Consolidating your communication platforms puts all the back-and-forth conversation in one spot in a linear way so you can easily reference the latest requests and find old requests.

2. Set strict deadlines for deliverables

Generating actionable feedback from clients requires having strict deadlines for deliverables. Along with content, the feedback process should be considered part of each deliverable. When feedback isn’t part of a design phase, you’ll either get little to no feedback from your clients or you’ll get overwhelmed with emails and text messages every time your client has a new thought.

Requiring clients to hold on to their feedback until a set time also eliminates unnecessary frustration. For example, if clients look at their project daily and you’re not done with the next phase, they’re going to send you feedback based on an incomplete design phase.

When both you and your client agree to deliver content and feedback on a set schedule, your feedback cycle becomes predictable. With a predictable feedback cycle, you can count on speedy design phases.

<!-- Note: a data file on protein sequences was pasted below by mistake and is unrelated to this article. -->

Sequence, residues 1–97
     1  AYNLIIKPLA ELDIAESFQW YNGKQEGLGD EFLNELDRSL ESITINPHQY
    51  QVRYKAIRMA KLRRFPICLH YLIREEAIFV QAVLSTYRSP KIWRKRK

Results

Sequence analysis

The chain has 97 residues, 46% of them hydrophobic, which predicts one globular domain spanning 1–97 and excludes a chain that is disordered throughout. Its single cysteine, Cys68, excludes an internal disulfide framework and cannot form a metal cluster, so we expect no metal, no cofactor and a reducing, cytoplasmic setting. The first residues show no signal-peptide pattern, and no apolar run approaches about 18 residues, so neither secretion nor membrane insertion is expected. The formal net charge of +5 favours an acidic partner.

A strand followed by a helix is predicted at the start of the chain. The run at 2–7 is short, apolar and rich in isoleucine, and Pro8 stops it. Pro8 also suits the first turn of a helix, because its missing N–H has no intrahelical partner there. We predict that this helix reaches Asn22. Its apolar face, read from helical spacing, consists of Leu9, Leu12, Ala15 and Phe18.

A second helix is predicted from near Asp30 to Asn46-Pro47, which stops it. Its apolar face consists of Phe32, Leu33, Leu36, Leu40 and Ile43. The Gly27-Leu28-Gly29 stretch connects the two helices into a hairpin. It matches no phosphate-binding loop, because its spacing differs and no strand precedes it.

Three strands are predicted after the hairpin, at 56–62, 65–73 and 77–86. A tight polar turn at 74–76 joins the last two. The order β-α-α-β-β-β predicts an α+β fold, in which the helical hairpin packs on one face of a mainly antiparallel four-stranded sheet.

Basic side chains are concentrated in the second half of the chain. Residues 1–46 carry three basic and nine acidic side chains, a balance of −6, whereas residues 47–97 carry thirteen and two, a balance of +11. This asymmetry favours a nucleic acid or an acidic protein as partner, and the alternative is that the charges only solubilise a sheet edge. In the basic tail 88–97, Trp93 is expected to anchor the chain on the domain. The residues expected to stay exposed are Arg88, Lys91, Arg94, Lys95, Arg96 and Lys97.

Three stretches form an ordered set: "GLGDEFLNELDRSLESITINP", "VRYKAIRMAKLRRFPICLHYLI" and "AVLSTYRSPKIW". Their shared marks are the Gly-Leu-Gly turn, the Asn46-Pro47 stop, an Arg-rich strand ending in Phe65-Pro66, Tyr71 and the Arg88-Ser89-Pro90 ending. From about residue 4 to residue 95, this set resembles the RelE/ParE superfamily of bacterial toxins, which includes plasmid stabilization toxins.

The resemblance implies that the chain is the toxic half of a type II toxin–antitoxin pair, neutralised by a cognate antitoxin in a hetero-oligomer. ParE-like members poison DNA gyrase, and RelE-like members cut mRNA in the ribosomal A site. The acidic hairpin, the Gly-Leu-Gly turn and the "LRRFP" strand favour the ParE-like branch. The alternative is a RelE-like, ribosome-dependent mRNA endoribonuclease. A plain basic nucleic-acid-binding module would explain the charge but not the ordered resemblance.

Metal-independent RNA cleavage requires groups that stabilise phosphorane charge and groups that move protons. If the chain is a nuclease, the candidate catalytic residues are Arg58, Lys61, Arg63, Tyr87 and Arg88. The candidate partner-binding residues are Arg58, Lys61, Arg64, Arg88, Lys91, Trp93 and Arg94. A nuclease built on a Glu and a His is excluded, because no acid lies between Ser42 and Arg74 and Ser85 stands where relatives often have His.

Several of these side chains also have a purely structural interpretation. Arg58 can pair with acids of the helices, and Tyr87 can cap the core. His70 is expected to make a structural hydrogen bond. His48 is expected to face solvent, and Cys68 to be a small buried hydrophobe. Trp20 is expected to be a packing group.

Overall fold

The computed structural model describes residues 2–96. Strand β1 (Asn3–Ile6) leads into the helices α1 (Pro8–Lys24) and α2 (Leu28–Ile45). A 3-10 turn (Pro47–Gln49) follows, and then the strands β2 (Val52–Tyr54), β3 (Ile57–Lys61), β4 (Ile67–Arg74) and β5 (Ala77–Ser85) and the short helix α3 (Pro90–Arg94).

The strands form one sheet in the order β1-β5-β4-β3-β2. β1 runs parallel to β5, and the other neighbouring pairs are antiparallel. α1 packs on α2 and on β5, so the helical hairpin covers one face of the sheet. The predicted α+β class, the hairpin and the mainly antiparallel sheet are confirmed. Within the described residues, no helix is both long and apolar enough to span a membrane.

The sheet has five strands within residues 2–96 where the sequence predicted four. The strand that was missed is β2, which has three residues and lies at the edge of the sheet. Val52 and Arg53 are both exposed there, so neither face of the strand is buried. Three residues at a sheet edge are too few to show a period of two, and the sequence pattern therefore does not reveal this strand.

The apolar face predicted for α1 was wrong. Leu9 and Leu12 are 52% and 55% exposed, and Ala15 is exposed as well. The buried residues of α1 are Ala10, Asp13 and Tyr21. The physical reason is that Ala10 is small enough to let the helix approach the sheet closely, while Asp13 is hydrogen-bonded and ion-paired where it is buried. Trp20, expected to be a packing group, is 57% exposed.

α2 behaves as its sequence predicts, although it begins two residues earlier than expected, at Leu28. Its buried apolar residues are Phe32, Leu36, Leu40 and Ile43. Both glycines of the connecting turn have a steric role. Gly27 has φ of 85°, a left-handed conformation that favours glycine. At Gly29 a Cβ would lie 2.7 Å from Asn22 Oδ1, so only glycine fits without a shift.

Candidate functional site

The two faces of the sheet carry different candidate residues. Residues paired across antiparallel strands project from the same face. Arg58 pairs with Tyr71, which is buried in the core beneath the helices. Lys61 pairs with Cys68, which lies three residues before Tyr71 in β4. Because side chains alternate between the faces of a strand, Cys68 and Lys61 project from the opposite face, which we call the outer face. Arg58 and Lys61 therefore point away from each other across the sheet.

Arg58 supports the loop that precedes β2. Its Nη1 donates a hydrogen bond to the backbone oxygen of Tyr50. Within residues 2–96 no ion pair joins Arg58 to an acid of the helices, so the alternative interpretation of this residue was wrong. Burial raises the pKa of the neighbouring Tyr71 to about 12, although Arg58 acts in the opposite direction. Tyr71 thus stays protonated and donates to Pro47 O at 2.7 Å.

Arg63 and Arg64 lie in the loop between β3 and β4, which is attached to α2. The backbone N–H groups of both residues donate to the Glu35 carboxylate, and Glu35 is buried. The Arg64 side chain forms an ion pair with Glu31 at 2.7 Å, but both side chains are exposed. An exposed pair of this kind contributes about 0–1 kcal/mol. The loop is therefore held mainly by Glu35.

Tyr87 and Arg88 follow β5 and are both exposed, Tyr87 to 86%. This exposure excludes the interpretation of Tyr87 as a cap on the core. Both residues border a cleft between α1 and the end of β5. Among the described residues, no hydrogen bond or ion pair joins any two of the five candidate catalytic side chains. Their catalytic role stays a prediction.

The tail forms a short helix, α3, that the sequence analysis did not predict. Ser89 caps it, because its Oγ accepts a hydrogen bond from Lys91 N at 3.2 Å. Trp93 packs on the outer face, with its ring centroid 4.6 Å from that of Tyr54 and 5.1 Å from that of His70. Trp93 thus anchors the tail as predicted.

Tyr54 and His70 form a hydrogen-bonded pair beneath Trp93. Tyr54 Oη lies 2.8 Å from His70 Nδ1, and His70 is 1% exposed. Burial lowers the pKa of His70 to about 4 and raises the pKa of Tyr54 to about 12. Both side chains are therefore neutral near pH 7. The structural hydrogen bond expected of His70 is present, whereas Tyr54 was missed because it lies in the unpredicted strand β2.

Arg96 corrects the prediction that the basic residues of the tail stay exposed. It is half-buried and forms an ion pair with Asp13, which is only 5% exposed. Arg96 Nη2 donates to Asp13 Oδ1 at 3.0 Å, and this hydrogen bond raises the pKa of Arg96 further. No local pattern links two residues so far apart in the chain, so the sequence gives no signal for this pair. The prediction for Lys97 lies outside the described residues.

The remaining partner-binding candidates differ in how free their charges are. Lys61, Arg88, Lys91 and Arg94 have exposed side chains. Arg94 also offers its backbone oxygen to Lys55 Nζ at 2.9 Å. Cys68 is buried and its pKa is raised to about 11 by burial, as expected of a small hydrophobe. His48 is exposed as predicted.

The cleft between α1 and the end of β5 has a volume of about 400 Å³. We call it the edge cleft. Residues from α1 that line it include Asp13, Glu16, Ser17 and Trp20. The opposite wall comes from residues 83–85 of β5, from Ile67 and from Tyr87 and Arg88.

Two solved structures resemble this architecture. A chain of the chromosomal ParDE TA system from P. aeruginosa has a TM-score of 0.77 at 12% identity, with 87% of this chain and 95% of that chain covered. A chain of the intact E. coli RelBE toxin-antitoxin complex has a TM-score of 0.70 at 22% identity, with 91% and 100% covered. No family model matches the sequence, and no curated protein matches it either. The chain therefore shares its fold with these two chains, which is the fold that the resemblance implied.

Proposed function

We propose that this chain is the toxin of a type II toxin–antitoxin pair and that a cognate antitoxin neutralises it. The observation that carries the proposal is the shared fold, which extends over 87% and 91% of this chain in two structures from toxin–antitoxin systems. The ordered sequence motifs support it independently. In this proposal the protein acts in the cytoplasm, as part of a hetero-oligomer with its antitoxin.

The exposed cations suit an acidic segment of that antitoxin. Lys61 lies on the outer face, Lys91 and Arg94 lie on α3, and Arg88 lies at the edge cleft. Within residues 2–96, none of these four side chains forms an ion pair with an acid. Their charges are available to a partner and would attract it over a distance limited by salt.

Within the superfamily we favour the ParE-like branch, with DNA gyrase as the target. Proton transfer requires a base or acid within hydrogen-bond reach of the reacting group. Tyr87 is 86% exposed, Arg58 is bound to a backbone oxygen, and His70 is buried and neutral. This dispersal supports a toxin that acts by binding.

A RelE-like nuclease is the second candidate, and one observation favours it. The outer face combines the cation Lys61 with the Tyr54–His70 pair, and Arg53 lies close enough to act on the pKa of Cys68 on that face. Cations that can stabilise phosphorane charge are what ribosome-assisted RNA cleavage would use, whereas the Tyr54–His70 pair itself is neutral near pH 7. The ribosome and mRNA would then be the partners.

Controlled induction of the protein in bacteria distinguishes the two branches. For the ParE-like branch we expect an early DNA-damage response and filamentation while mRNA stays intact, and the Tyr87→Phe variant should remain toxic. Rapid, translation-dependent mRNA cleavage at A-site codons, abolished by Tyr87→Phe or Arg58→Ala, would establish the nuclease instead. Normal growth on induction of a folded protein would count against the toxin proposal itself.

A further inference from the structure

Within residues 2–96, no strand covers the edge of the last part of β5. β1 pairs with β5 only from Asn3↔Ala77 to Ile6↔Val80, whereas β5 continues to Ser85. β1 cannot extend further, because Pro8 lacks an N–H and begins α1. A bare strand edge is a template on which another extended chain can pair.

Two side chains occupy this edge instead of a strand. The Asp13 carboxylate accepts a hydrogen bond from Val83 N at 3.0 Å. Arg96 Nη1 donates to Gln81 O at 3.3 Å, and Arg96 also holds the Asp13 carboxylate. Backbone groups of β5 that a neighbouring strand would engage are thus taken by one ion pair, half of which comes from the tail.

Start by setting strict deadlines for deliverables and make sure to follow through on your end as well. Set a time limit for clients to submit feedback after each of your project deliverables. For example, after delivering each phase of a project, require clients to provide detailed feedback within 3 business days. This will force clients to sit down and review their project instead of putting it on the back burner.

3. Communicate live whenever possible

Communicating live with a client gives you the upper hand when it comes to understanding their vision. You can refine ideas and feedback in a live conversation much faster than you can through emails or text messages. You can also clarify tiny points before they become sources of frustration or upset.

Communicating live is essential when a client has high expectations. These clients often have unrealistic expectations and don’t understand that certain changes aren’t easy or small. These are the clients that believe it should take five seconds to change a color scheme.

Communicating live gives you the opportunity to be firm about asserting which things you can’t change on a whim. Hearing a firm voice say “no” holds more authority than seeing words on a computer screen.